He was the rapporteur on behalf of ND for a bill calling for the prosecution of crimes which may have been committed as a result of the Civil War to be nullified, which was voted into law in the summer of 1989.
In fact, the night before his murder, Bakoyannis was at the Coalition of the Left offices and had asked his bodyguard to not escort him to his office the following morning because it was late at night when they left, according to his widow, Dora Bakoyanni.
Shot and killed outside his office by November 17 terrorists
It was 7:58 in the morning when the politician arrived alone at his office building on Omirou Street in Kolonaki. When he entered the lobby, three men walked in behind him and shot him point-blank. He was shot twice in the back and then again on his side while he was lying on the floor.
Bakoyannis died one hour later at Athens’ Evangelismos Hospital. He was only 54 years of age.
The November 17 terrorist organization promptly claimed responsibility for Bakoyannis’ assassination. In a 12-page proclamation sent on October 9 to the newspaper Eleftherotypia, entitled “The Purge Began,” it stated inter alia that “We have therefore decided to execute the fraud and robber of the people Bakoyannis.
“He is responsible not only for stealing the first 60 million of the founding capital for Grammi, but also for the hundreds of millions he stole with his partner Koskotas for raising the Grammi share capital, but also for buying the Bank of Crete through Grammi,” the screed concluded.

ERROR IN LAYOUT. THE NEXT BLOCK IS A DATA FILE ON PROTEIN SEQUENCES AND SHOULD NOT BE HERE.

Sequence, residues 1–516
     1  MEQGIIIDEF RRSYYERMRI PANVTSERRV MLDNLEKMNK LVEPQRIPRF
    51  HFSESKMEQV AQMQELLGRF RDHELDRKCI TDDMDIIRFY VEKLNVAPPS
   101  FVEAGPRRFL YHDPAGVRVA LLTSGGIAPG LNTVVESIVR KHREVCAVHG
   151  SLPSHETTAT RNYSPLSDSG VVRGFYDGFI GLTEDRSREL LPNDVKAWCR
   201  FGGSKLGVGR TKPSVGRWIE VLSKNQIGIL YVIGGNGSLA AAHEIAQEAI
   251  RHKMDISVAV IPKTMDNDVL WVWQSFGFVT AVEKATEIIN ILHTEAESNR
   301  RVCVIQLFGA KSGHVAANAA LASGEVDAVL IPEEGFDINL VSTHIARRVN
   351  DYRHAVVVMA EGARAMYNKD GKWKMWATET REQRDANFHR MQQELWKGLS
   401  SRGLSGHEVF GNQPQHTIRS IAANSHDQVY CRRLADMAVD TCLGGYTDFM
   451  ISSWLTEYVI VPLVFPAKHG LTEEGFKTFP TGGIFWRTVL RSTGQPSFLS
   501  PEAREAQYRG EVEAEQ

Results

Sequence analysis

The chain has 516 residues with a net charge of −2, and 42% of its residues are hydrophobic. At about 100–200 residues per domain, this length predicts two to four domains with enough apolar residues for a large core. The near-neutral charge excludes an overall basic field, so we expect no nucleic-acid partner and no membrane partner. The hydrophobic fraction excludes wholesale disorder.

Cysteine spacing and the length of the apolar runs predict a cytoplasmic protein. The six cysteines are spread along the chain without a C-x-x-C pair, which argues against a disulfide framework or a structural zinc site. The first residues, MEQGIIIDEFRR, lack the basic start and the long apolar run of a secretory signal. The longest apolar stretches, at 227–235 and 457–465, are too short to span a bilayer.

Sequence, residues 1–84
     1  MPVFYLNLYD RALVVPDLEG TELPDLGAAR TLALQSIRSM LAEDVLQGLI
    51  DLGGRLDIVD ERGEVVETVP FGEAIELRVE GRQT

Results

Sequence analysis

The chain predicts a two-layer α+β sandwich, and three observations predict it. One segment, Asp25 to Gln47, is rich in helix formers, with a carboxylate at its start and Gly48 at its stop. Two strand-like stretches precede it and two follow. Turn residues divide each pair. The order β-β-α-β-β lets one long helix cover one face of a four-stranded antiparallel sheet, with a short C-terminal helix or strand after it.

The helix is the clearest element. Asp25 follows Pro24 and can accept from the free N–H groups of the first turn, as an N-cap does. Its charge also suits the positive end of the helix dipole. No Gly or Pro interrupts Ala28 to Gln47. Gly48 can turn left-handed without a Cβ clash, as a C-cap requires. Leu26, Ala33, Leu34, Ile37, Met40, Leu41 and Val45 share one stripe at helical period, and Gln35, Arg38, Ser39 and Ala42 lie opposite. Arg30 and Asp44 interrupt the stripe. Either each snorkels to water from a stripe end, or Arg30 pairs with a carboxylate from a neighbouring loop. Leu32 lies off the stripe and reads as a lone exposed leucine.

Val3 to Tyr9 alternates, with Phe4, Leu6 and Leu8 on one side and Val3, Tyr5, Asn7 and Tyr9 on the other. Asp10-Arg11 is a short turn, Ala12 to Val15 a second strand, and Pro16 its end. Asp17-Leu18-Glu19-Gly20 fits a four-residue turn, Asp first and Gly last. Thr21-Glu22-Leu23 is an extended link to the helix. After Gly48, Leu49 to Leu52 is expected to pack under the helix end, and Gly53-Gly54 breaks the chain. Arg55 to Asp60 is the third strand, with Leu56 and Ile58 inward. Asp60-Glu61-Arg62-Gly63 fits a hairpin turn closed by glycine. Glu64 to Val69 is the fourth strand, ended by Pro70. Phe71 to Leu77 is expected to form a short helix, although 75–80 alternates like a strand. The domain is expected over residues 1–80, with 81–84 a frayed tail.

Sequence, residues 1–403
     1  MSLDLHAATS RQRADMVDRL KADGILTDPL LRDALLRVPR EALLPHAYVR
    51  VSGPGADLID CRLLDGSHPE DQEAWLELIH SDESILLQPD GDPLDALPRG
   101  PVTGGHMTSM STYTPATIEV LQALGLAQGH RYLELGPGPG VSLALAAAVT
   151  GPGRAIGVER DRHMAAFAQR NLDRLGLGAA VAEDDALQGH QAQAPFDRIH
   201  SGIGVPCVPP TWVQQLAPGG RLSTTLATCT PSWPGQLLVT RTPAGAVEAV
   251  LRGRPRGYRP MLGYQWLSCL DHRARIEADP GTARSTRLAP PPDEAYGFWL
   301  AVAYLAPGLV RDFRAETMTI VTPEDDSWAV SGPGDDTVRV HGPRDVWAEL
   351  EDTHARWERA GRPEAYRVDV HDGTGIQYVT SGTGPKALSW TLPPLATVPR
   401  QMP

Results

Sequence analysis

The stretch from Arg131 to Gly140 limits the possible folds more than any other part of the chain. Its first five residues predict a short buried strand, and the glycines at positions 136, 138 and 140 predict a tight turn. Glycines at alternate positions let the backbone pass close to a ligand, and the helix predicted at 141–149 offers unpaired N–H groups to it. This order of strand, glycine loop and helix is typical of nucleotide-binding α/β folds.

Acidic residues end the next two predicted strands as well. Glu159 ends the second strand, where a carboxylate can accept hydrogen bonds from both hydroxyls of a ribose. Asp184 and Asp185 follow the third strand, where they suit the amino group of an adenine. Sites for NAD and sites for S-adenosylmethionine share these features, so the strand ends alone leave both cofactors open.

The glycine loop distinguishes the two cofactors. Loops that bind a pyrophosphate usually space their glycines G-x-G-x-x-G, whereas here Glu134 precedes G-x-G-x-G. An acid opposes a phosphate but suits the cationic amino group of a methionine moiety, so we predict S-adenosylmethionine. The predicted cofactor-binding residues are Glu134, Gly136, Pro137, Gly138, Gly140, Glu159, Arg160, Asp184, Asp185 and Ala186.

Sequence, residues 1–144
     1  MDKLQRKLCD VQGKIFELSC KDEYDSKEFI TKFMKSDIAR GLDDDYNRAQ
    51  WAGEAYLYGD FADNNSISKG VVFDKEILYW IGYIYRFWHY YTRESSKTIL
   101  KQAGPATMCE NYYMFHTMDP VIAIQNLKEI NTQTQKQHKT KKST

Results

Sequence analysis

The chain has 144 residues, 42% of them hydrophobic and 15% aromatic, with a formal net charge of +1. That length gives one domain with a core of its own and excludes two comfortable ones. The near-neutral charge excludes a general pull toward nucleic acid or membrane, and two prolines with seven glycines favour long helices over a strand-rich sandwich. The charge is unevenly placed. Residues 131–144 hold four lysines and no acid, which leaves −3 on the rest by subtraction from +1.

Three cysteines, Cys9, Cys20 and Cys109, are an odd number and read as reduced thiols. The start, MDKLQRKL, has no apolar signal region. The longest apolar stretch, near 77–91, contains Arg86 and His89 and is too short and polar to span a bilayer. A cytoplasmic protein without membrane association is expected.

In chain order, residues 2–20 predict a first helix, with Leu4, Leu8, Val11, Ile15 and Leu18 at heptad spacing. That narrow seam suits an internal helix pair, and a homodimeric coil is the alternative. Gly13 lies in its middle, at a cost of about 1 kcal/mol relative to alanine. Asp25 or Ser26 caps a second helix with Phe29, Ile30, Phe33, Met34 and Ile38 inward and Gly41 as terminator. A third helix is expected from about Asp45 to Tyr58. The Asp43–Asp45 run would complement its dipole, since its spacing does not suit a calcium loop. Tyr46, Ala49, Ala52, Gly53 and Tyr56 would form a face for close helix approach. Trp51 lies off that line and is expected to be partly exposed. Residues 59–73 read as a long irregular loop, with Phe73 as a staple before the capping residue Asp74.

At the time, the notorious “Koskotas Scandal” was at the epicenter of politics and of Greek society in general. Wealthy businessman Giorgos Koskotas had bought the media and publishing company “Grammi AE” from Bakoyannis in 1982, and in 1984 he bought a 56-percent share of the Bank of Crete’s equity, later to acquire 82 percent.
In 1987, Koskotas bought the Olympiacos Football Club, which soon began to trade players for astronomical sums of money.
By the end of the decade, the businessman had bought opposition newspapers and turned them into PASOK-friendly entities. Soon he was accused of having shady dealings with top PASOK politicians, allegedly including then-prime minister Andreas Papandreou.
Koskotas was never audited for any of his business deals nor for the activities of the Bank of Crete.
The November 17 terrorists Dimitris Koufodinas, Heraklis Kostaris, Alexandros Giotopoulos, Savvas Xiros and Vassilis Tzortzatos were all found guilty of the assassination of Bakoyannis on December 17, 2003.
Koufodinas is serving eleven life terms for the attack. Giotopoulos received seventeen life sentences plus 25 years for his crimes as part of the November 17 group. Kostaris received a life sentence for his part in the Bakoyannis murder.
Xiros and Tzortzatos received 15 years for their roles in the attack.
November 17 is responsible for the assassinations of a total of 23 people, including politicians and foreign diplomats, during the years 1975-2000.